Santa Fe Trail (film)
|Santa Fe Trail|
Theatrical release poster
|Directed by||Michael Curtiz|
|Produced by||Hal B. Wallis|
|Screenplay by||Robert Buckner|
|Music by||Max Steiner|
|Edited by||George Amy|
|Warner Bros. Pictures|
|Distributed by||Warner Bros. Pictures|
|Running time||110 minutes|
Santa Fe Trail is a 1940 American western film directed by Michael Curtiz and starring Errol Flynn, Olivia de Havilland, Raymond Massey and Ronald Reagan. Written by Robert Buckner, the film is about the abolitionist John Brown and his fanatical attacks on slavery as a prelude to the Civil War. Subthemes include J.E.B. Stuart and George Armstrong Custer as they duel for the hand of Kit Carson Holliday.
The film was one of the top-grossing films of the year, being the seventh Flynn–de Havilland collaboration. The film also has almost nothing to do with its namesake, the famed Santa Fe Trail, except that the trail started in Missouri and the railroad could be built only after the Army drove Brown out of Kansas.
The outdoor scenes were filmed at the Lasky Movie Ranch in the Lasky Mesa area of the Simi Hills in the western San Fernando Valley. One can visit the film location site, now in the very large Upper Las Virgenes Canyon Open Space Preserve (a.k.a. Ahmanson Ranch), with various trails to the Lasky Mesa locale.
At the West Point Military Academy in 1854, the villain Cadet Carl Rader (Van Heflin), a disciple of the fanatic abolitionist John Brown, is dishonorably discharged for spreading anti-slavery pamphlets. His classmates Jeb Stuart (Flynn) and George Custer (Ronald Reagan) become second lieutenants and are posted to Fort Leavenworth, Kansas Territory, the most dangerous duty in the army—an assignment they relish. On the way to Kansas, Custer and Stuart meet Cyrus K. Holliday, in charge of building the railroad to Santa Fe, New Mexico, and his daughter Kit (de Havilland), with whom both officers fall in love.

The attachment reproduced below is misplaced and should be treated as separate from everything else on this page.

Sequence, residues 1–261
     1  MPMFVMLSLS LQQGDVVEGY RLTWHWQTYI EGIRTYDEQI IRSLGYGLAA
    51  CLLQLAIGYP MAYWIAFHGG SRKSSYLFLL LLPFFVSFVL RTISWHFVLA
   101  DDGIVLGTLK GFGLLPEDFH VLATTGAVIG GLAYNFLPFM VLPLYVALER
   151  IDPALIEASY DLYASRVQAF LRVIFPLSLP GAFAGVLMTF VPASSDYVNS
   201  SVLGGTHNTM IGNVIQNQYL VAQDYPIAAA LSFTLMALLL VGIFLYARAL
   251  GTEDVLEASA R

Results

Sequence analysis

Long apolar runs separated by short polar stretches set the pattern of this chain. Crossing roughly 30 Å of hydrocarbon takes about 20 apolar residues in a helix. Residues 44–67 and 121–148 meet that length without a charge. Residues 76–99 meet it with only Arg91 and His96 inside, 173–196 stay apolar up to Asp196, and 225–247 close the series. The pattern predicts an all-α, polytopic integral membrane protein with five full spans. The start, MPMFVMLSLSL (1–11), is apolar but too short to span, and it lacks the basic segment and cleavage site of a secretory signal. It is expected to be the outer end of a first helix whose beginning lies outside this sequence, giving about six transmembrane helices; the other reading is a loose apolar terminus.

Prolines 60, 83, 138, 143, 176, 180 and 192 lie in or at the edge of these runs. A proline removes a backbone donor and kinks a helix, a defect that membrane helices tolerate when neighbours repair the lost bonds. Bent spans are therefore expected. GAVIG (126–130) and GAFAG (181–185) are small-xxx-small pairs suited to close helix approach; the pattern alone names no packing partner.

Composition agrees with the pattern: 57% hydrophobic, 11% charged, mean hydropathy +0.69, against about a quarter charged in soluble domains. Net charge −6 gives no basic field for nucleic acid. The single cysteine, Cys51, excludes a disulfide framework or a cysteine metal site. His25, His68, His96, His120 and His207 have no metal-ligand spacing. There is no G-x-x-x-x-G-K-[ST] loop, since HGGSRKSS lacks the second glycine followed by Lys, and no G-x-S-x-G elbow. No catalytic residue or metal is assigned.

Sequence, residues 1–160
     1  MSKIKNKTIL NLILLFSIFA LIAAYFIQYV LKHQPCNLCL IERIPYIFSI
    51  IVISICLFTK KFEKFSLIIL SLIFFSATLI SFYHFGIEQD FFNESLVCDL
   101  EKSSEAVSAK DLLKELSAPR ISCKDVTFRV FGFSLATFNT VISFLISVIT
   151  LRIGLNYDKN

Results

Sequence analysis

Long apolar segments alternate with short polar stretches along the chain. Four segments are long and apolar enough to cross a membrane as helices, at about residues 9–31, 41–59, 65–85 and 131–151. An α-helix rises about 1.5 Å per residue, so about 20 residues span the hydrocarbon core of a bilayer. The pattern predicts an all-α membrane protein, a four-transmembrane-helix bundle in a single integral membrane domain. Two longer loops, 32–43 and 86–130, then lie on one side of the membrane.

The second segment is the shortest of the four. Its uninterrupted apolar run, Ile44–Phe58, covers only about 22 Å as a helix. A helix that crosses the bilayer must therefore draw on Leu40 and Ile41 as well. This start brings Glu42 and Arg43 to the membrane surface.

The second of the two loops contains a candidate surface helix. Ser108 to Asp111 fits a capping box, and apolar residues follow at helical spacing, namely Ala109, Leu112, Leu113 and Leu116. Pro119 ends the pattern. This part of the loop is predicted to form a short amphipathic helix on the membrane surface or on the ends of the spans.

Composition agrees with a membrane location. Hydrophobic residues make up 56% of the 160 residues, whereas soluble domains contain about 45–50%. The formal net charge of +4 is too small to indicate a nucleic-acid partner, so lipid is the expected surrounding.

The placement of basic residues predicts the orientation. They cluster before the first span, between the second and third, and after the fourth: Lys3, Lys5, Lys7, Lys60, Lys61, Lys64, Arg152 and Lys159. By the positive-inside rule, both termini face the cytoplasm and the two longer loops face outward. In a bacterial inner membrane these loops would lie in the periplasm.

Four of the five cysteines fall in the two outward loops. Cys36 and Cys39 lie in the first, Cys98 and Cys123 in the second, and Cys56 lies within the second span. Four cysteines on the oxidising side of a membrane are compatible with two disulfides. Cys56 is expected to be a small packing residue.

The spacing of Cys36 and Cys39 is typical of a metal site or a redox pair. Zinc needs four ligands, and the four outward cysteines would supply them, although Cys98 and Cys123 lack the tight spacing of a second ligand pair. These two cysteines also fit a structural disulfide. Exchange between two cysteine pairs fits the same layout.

The Kansas Territory is bloodstained and war-torn, a victim of John Brown's relentless crusade against slavery. Meanwhile, Rader has enlisted as a mercenary in Brown's army, which has been terrorizing the countryside with bloody raids. During Brown's attack on a freight wagon under the protection of the U.S. Army, Stuart and Custer capture Brown's injured son Jason, and before dying, the troubled boy informs them about his father's hideout at Shubel Morgan's ranch in Palmyra. In disguise, Stuart rides into Palmyra, the center of the Underground Railroad, but is recognized by Rader, who takes him at gunpoint to Brown (Raymond Massey). While trying to escape, Stuart is trapped in a burning barn but is saved as Custer leads the cavalry to the rescue and drives Brown into seclusion.
Believing that Brown's force has been broken, Stuart and Custer are sent back to Washington, D.C., where Stuart proposes to Kit. However, far from being defeated, Brown is planning to ignite war by raiding the arsenal at Harper's Ferry, Virginia. When Brown refuses to pay Rader for his services, Rader rides to Washington to alert Stuart of Brown's plans, and the troops arrive just in time to crush the rebellion and hang Brown.
- Errol Flynn as James "Jeb" Stuart
- Olivia de Havilland as Kit Carson Holliday
- Raymond Massey as John Brown
- Ronald Reagan as George Armstrong Custer
- Alan Hale as Tex Bell
- William Lundigan as Bob Holliday
- Van Heflin as Carl Rader
- Gene Reynolds as Jason Brown
- Henry O'Neill as Cyrus K. Holliday
- Guinn Williams as Windy Brody
- Alan Baxter as Oliver Brown
- Moroni Olsen as Robert E. Lee
- Erville Alderson as Jefferson Davis